The Economy - the Eighteenth-Century Gold Rush
As a result of the mineral discoveries, settlers flocked to the gold region, and growing numbers of slaves were transferred from the sugar areas and brought in from Africa. Gold mining was mainly alluvial panning, a labor-intensive activity. The extraction of gold increased rapidly until the 1750s when gold exports peaked. After the gold deposits became depleted and exports declined sharply in the last quarter of the eighteenth century, the Brazilian economy entered another long period of stagnation.
The gold surge did not establish a basis for economic expansion after the depletion of the mines. The economic regression was especially bad because of the restrictions Portugal had imposed on the establishment of manufacturing in the colony. However, the gold rush had an important impact in shaping Brazil's territory. First, the various exploratory expeditions led to the incorporation of large areas originally belonging to Spain. In addition, the demand for food and animals for transportation and meat had major repercussions outside the mining region. The mines were located in inhospitable, mountainous terrain, and the movement of goods to and from the mines depended heavily on mules. Agricultural activities were expanded elsewhere in order to feed the miners. Thus, the gold rush brought about the occupation of, and interaction among, different geographical areas. Moreover, the colony's economic and administrative center of gravity moved to the Southeast Region. Gold was shipped through ports in or near Rio de Janeiro, prompting the transfer of the colonial administration from the Bahian town of Salvador to Rio de Janeiro.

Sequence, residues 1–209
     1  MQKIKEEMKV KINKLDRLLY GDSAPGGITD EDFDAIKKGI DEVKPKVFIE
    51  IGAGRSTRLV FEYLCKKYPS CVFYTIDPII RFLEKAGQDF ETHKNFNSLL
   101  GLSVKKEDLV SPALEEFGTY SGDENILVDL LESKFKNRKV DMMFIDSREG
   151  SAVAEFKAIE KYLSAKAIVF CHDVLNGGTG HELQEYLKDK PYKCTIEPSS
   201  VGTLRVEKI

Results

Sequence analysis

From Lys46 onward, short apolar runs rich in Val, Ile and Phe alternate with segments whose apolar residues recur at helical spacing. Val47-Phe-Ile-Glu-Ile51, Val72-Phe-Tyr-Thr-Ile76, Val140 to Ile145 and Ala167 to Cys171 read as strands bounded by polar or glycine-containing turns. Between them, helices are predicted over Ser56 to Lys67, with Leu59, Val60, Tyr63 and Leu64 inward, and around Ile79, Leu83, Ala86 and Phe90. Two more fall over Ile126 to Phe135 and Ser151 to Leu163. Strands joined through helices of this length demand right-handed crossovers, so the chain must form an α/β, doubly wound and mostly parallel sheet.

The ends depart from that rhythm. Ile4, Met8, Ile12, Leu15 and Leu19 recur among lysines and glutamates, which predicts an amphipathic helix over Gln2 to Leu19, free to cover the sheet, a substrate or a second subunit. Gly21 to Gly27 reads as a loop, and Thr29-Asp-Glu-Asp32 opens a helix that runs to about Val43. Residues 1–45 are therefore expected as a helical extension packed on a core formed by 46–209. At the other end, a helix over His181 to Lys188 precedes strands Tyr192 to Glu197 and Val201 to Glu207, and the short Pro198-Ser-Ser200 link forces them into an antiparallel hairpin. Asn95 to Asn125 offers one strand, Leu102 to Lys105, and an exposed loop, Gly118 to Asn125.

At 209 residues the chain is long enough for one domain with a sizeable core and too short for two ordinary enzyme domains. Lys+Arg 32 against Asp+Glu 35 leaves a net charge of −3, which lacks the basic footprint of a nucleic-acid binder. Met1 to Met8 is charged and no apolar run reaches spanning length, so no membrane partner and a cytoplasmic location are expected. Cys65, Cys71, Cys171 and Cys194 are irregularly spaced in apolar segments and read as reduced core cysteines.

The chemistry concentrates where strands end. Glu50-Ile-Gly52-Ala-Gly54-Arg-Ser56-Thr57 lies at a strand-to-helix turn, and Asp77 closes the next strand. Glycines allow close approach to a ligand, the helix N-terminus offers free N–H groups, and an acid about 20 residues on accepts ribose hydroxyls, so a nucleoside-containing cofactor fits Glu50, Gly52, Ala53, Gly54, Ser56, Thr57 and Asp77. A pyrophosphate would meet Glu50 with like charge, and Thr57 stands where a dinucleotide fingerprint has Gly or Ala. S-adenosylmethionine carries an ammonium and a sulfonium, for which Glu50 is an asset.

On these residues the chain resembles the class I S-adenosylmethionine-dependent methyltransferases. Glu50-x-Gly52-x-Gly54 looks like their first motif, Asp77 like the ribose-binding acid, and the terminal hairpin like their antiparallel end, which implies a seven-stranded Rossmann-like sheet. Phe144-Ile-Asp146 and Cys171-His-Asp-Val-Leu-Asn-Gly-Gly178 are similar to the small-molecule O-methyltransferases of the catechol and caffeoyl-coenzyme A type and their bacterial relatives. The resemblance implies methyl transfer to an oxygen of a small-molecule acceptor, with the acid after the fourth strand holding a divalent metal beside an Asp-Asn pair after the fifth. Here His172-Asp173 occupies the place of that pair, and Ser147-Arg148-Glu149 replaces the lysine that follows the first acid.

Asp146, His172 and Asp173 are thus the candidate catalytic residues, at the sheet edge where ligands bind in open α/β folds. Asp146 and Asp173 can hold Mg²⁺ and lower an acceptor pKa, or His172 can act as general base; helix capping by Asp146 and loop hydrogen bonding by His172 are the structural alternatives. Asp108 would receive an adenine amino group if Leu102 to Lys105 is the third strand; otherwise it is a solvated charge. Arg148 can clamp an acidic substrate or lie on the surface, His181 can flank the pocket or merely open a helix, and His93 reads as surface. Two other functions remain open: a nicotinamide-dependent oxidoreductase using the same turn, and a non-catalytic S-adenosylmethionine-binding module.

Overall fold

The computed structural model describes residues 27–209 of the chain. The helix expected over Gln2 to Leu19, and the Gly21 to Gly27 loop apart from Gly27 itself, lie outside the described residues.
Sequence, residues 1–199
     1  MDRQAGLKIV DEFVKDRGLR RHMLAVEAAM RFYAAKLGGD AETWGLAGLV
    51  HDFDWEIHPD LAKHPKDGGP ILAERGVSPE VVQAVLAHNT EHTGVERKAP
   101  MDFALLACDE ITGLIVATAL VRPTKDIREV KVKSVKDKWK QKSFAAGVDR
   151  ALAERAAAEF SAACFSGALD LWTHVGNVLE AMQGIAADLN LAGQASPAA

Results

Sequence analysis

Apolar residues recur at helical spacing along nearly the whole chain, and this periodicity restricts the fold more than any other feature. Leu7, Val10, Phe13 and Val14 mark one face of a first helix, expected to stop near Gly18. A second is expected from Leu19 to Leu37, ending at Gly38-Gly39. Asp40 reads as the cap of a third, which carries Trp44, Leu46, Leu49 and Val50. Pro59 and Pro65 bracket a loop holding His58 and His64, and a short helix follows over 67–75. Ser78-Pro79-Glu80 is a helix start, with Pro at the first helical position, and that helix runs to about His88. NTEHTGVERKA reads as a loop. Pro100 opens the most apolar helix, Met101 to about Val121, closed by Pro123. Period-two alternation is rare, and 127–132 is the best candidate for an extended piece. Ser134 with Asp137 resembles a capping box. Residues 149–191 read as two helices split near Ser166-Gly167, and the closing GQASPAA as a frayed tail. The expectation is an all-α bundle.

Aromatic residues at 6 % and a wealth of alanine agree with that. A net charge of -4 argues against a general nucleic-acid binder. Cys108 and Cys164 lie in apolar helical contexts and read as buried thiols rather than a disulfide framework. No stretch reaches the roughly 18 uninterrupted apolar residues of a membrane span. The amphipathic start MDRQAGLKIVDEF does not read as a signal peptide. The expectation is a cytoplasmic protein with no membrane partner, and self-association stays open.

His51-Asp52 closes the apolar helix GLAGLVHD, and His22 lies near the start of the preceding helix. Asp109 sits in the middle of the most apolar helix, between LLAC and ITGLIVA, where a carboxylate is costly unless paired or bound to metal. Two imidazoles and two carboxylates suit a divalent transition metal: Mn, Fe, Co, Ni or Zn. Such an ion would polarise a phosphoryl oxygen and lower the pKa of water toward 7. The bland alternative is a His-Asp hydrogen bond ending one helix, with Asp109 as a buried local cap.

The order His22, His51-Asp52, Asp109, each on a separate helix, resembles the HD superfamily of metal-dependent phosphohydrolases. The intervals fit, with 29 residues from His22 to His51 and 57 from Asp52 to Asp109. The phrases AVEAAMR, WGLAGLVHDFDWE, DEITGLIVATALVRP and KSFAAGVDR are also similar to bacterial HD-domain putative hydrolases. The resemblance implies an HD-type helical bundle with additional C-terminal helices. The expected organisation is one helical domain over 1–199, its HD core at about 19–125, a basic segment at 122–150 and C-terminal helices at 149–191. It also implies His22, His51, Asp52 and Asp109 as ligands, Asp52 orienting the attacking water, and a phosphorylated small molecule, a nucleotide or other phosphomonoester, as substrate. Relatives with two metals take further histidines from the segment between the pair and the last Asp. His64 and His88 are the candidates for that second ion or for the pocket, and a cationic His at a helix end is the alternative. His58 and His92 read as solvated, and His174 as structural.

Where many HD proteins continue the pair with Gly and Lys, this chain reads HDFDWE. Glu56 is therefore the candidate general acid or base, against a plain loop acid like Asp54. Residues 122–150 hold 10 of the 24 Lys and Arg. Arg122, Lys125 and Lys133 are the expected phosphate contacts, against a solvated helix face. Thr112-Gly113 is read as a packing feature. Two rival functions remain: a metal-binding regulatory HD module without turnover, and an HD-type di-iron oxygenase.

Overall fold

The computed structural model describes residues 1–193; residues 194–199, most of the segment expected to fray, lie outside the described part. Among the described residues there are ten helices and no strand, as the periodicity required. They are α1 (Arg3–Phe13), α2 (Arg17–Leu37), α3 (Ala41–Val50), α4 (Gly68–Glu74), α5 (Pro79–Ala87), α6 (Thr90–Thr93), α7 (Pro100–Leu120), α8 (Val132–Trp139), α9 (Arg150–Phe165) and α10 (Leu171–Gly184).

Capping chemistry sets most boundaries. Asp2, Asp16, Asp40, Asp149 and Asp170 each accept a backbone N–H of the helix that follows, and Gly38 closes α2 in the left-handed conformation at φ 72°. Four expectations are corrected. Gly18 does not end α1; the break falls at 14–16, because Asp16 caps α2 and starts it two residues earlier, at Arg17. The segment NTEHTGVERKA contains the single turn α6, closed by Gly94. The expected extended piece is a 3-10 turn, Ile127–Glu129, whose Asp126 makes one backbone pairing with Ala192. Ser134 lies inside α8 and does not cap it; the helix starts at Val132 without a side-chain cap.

The difficult period resulting from the depletion of the mines lasted well into the second quarter of the nineteenth century. The mainstays of the economy were in decline, and the colony fell into a state of depression and decadence. In the late eighteenth century, Brazil experienced a brief surge in cotton exports to Britain, as the War of Independence in America disrupted American trade temporarily; however, Brazilian cotton lost its place in the world market by the early nineteenth century.
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